Generally speaking, superannuation in Australia must not be accessed until you reach your applicable preservation age and retire from the workforce. That said, there are certain circumstances that permit you to access funds from your superannuation early. In this guide, we’re unpacking the pros and cons of accessing your superannuation early, and what the implications may be if you choose to do so.
When can you access your superannuation early?
There are certain instances in which you are permitted to access your superannuation early. These include compassionate grounds, financial hardship, terminal illness and incapacity. If you are not terminally ill or out of work due to disability, early access to your superannuation will likely only be granted if it prevents the sale of your home or other debt enforcement action on unpaid bills.
New legislation in 2020 also permits eligible applicants to release up to $20,000 of their superannuation over the next two years if their income has been impacted by the COVID-19 pandemic. You’re eligible if you’ve been made redundant, your employment income has been cut by more than 20%, or you’re a sole trader who has suffered losses in turnover of at least 20%.
What are the disadvantages of accessing your superannuation early?
Accessing your superannuation early might sound like an easy way to access money without going into debt. While true, there are some significant downsides to doing so. Consider the impact that the funds from your superannuation would have on your circumstances, and consider whether it’s worth sacrificing potential compounding returns by leaving it in your super.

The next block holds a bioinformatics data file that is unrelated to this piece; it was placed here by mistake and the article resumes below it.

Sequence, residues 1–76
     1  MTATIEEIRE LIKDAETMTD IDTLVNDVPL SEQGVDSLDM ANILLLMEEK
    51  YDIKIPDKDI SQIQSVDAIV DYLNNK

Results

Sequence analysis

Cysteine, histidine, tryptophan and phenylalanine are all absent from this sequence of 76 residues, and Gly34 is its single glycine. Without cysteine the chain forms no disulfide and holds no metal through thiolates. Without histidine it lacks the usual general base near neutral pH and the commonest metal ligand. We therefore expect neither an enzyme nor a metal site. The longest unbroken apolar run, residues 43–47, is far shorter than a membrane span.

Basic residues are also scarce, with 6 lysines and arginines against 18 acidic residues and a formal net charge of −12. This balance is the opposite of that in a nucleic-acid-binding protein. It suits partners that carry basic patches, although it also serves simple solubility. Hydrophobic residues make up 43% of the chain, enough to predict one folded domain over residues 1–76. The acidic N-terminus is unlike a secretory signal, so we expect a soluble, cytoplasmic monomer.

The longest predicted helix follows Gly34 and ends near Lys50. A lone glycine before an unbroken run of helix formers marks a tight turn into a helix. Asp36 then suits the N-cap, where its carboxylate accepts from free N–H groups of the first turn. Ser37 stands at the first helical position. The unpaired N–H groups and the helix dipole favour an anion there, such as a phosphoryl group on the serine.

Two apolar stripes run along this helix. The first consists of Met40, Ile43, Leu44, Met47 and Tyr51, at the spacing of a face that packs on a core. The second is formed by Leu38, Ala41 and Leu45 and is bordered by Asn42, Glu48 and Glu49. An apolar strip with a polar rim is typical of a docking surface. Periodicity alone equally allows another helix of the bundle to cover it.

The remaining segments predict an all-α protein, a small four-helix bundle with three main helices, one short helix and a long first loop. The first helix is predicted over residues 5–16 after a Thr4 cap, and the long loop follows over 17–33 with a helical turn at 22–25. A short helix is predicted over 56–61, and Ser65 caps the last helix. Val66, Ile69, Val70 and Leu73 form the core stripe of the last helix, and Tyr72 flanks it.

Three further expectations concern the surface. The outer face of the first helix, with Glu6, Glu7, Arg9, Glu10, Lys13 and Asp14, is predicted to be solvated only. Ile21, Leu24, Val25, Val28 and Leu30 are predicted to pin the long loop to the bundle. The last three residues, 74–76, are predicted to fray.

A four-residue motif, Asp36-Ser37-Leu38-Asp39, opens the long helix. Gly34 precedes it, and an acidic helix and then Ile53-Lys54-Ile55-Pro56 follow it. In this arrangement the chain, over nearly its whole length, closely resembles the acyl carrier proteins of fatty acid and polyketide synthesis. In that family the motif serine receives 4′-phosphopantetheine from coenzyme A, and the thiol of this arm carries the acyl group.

Your superannuation is invested with long term returns in mind, so while you may withdraw $10,000 now, you could be losing out on much more had you left that money to continue growing in your super fund.
This is particularly important if you’re accessing your super fund to pay mortgage arrears or other debts. If the amount you access can’t fully pay off the debt, you may still end up in danger of having your home repossessed or defaulting on debt repayments – but you’ll still have missed out on the potential returns from your superfund. In addition, funds within your superannuation are protected from creditors. If you withdraw it, you lose this protection.
Accessing your superannuation early can also mean paying higher rates of tax, plus fees from your superfund provider.
What are the advantages of accessing your superannuation early?
Accessing your superannuation early may relieve extreme financial stressors of debt, medical expenses, funeral costs or legal costs. Withdrawing from your superfund would allow you to pay these bills without taking out additional credit.
Withdrawing your superannuation early can also allow you to enjoy time with friends and family if you have been diagnosed with a terminal illness, or help with the financial aspects of temporary or permanent incapacitation.
Accessing your superannuation early due to financial hardship
The main advantage of accessing your superannuation early is to combat financial hardship. If you have exhausted all other options for paying your creditors and are experiencing emotional stressors relating to your bills, accessing your superannuation early can provide relief – but only if it solves the problem entirely.
If the amount you can withdraw from your superfund does not cover the entire debt, you’re simply prolonging eventual debt enforcement action. This leaves you with less in your superfund for retirement and/or another incident of financial hardship.
It’s important that you weigh up the short term benefit and the long term disadvantages of accessing your superannuation early due to financial hardship.